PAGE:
Tribalism May Just Be the Largest Reason For Misinformation – But Understanding It Is Essential To Dismantling It

I’ve been blogging for about a year about the power of misinformation and our obligations as data professionals to combat it. In a March 2021 blog post, titled “The Power of Misinformation,” I outlined some of our biological instincts that make us susceptible to misinformation and how tricksters exploit them. In an August 2021 blog post, titled “Combatting Misinformation,” I highlighted efforts of academic institutions to teach data literacy skills, the strengths of thinking like a fact-checker, and some interesting ideas around “pre-bunking.”

I confess in writing these that I was simultaneously dismayed by the rapid flow of misinformation and perhaps a bit overconfident about our ability to detect and rectify the flow of misinformation. After all, how can we embrace a data literate world if we can’t trust the judgment of people to understand what they are seeing and disregard what is clearly false?

But, then I happened upon a TED talk by Philip Fernbach that stopped me cold. In his discussion, titled “Why Do We Believe Things that Aren’t True,” Fernbach asks a truly provocative question: “How do you know that the earth is round?” If you are like most people, you do not have the astronomy knowledge or mathematical skills to prove this. Rather, you rely on your tribe (in this case, your schools, teachers and families) to provide the expertise that you yourself do not have. He highlights that we as a species are unique in this respect – we think collectively and use the expertise of others to fill in the blanks of our understanding while sharing our own expertise to enrich our collective understanding.

Think about that for a moment. Almost everything that you know to be true is because someone told you so. And, although we in the data space believe that we can use data and analytics to improve our understanding of things to clarify the information among people of good intent, at our very core, the very basics of everything that we believe is based on what our tribe has taught us. Do you believe that your country is the most powerful, with a strong military and a strong economy? Do you believe that your neighbor is loud or fun? Do you believe that ten degrees Celsius is warm or cold? Do you believe in God? We grow up in particular geography with particular family dynamics, religious norms and traditions that connect us to the tribe and create stress for us and our community when we reject some of these norms. Think of a person announcing to their deeply religious family that they are an atheist or to their bohemian parents that they would like to become a banker.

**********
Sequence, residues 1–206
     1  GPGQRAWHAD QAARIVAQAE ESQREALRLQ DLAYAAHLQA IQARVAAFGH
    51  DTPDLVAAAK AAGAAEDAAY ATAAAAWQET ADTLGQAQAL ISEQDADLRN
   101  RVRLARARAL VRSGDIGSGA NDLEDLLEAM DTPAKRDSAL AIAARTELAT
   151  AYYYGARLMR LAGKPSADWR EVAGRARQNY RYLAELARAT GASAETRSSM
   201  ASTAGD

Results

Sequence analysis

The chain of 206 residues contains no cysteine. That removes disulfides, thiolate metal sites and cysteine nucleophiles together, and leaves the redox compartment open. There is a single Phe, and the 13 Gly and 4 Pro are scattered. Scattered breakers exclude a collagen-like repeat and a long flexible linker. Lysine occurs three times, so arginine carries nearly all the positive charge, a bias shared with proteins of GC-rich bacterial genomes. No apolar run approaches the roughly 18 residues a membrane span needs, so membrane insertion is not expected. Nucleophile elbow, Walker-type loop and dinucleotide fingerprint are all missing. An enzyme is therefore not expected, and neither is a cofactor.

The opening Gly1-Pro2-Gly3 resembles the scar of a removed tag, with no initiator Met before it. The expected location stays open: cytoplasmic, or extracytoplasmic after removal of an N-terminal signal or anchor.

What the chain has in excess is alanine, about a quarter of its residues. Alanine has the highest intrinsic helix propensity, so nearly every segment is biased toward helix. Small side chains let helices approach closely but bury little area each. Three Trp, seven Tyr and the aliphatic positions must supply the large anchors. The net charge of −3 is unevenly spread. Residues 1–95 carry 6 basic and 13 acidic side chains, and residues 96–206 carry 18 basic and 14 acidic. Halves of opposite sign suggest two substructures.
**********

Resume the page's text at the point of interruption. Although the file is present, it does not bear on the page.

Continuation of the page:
So, what does this have to do with misinformation? Although the strategies that I have outlined in my previous blog posts have highlighted important ways for us to fight misinformation, there is something deeply human about why we believe (and choose to believe) what we do. And, generally speaking, confronting a tribe’s beliefs head on with contradictory information generally just makes people entrenched. In this New York Times piece, titled “Belonging is Stronger than Facts,” Max Fisher brings this point home, quoting Dr. Brendan Nyhan as follows: “At the mass level, greater partisan divisions in social identity are generating intense hostility toward opposition partisans,” which has “seemingly increased the political system’s vulnerability to partisan misinformation.” In other words, when your tribe does not share the values of my tribe, not only will I double down on my beliefs, but I will increasingly brand your tribe as enemies who are dangerous.

And thus, although uncomfortable, the only conclusion that we can draw as a successful strategy for the pursuit of valid information is to leave our tribe from time to time. Social media algorithms fight this every bit as much as our own psychological biases, but it’s critical. Rather than revile the next tribe over, it’s important to reach out, to listen, to hear the fundamental issues and even biases associated with a position and be open to the fact that your tribal understanding has missed something. My wife has a wonderful expression: “Listening is seeking to be changed.” So, although our interests might be to correct the illogical thinking of others, this is very rarely a successful strategy. Rather, listening, understanding core assumptions and engaging as humans helps us to break down barriers.

I have a very specific model in mind as I write this. In preparation for his book, “How to Argue With a Racist,” geneticist Adam Rutherford spent countless hours in white supremacist chat rooms, reading sometimes unspeakable things. And he listened.And he engaged. And he was able to come away with a primer on how to engage another tribe in a constructive way. Perfect?No. Enjoyable? Absolutely not. But, social media and the algorithms that reinforce our tribal ideas and behavior are with us, and we have now passed the point of return. Rather than try to fight misinformation, fact by fact, it’s time for us to engage in uncomfortable conversations, rather than point fingers at the ignorance of neighboring tribes. Worst case, we come away with a deeper understanding of how people think. Best case, we beat back misinformation and replace it with truths that can be embraced by a much larger tribe.

"Rather than try to fight misinformation, fact by fact, it’s time for us to engage in uncomfortable conversations, rather than point fingers at the ignorance of neighboring tribes," notes @Qlik's @JoeDosSantos

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